Oil and Global Warming
No issue has divided the general public quite like climate change. Many dismiss notions of “global warming” and the idea that human-driven activity can impact weather on a global scale. Despite the debate surrounding its origins, climate change is occurring, and does affect many industries. The oil and gas industries, with outdoor rigs and nation-wide infrastructure, are particularly exposed to federal and international regulation.
Here, we’ll give an over how climate change will affect drilling operations, and what can be done to reduce the impact.
A Close Relationship
According to the Institutional Investors Group on Climate Change (IIGCC), energy-related activities contribute to about 70% of global greenhouse gas (GHG) emissions. About 60% of those energy-related emissions are a result of oil and gas industry activities, mainly attributable to the dependence on fossil fuel production. Complicating matters is the fact that a majority of GHG emissions occur later in the fuel lifecycle, and by that point are out of the hands of oil and gas companies. However, about half of the industry’s value lies in untapped reserves, or future production, thus creating a discord in company priorities.
Climate change has already impacted our industry in the form of government regulations. The Environmental Protection Agency (EPA) in the United States has put in place plans to reduce GHG emissions and move the nation toward a cleaner power policy. This has forced drilling companies to develop new technologies and practices that comply with these rules. Government regulations aside, climate change will still impact future industry practices.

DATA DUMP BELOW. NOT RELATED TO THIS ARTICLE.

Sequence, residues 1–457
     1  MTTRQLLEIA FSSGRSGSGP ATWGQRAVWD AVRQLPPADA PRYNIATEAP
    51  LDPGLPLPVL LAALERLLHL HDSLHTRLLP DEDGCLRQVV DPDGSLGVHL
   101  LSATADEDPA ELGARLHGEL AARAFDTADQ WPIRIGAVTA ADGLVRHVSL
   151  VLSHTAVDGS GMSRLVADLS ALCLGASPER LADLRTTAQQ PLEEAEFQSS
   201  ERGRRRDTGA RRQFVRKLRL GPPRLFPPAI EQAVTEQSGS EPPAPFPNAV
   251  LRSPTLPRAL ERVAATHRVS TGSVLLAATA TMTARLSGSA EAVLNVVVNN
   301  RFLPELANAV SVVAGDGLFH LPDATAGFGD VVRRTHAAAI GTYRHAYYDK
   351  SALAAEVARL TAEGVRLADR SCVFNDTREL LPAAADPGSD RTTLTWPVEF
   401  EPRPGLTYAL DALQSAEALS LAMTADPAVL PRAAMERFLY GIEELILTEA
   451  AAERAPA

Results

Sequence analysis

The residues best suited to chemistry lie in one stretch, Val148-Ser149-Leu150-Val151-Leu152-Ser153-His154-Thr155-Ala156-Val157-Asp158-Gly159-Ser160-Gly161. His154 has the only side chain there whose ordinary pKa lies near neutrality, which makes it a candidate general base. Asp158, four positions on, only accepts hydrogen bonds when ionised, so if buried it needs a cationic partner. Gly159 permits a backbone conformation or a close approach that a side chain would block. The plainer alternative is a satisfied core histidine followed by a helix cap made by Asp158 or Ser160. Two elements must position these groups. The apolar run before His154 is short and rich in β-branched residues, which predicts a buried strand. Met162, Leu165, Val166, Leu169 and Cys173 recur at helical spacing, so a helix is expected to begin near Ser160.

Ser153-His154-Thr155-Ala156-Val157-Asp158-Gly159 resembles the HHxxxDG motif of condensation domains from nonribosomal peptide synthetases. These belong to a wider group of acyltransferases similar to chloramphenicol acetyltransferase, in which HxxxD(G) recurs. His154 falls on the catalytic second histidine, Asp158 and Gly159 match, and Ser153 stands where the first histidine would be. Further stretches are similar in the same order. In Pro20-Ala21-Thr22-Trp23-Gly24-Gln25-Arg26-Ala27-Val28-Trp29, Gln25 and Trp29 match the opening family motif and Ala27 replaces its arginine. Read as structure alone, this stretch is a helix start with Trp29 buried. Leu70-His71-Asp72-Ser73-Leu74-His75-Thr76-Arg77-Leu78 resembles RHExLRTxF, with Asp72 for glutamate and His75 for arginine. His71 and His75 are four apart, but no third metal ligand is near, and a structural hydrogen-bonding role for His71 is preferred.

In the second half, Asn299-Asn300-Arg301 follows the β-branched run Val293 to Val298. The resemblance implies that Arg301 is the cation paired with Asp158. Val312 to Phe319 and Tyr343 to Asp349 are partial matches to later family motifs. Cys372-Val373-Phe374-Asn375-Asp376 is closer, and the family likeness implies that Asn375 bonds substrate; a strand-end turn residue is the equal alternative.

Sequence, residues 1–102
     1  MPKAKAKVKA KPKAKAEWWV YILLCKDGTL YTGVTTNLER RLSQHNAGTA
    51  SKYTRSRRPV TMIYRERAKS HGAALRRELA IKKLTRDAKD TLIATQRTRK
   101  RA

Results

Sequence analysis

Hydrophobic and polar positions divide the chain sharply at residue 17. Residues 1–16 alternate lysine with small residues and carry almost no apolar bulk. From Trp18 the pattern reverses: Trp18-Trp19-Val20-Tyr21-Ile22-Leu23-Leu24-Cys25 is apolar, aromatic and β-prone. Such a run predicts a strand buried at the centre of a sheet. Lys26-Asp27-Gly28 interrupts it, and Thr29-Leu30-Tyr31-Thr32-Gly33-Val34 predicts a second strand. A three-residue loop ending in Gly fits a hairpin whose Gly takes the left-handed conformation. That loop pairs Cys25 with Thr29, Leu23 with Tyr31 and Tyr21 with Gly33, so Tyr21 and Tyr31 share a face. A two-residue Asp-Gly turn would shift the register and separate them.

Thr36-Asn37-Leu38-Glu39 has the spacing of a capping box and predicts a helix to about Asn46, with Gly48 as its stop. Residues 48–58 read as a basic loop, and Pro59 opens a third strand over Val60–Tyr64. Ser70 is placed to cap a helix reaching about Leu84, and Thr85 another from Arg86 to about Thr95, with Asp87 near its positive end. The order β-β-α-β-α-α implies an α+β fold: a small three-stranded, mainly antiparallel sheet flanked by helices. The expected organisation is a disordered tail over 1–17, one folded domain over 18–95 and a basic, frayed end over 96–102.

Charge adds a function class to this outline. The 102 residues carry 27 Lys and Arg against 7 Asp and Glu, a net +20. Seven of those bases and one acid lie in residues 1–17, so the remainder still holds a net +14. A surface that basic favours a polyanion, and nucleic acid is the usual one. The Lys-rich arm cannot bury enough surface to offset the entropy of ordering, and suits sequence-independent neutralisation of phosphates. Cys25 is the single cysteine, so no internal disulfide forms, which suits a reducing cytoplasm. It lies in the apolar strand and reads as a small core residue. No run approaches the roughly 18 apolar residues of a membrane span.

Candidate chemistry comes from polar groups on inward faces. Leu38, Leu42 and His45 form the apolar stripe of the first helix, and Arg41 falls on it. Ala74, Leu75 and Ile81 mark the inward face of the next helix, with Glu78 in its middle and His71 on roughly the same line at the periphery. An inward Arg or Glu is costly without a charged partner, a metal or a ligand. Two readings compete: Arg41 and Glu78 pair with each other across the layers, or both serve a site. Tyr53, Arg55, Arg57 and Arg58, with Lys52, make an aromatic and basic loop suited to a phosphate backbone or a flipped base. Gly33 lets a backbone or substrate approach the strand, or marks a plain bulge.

Impact on Rigs
International Business Times explains that increasing temperatures means the number of days above 95 degrees Fahrenheit will increase from the past 30-year average of 39 days to 60 days by mid-century. By 2100, that number is expected to grow to 114 days. The increase in harsh conditions might impact production, as consistent exposure could affect worker safety.
Impact on Infrastructure
Scorching conditions aren’t the only changes rigs will have to ensure. Rising sea levels mean that the Gulf Coast will see its shoreline disappear by as much as two feet by mid-century. The rest of the Southeast will likely see higher sea levels, and will also see intensifying hurricanes. The Southeast and Gulf is home to many of the nation’s pipelines; intensifying flooding and winds could result in infrastructure damage and severely disrupt oil distribution.
Transportation impacts aren’t limited to the continental United States. Alaska’s oil transportation system relies on frozen roads. However, the state’s average temperature is expected to increase between 7.6 and 16 degrees Fahrenheit by 2100, meaning fewer ice roads and shorter transportation seasons.
What’s Being Done
Despite the significant implications of climate change, oil and gas companies are taking steps forward to reduce their contributions to climate change. Some of these include:
Gas and oil industries are in the spotlight in the battle over climate change. GHG emissions will significantly impact their operations over the next decade. Companies have acknowledged the threat, and have started making adjustments in their operations and priorities. However, the need for the industry to work with governments to develop comprehensive plans is more important than ever. After all, climate change is playing the long-term, and what we do now will influence its final move a century from now.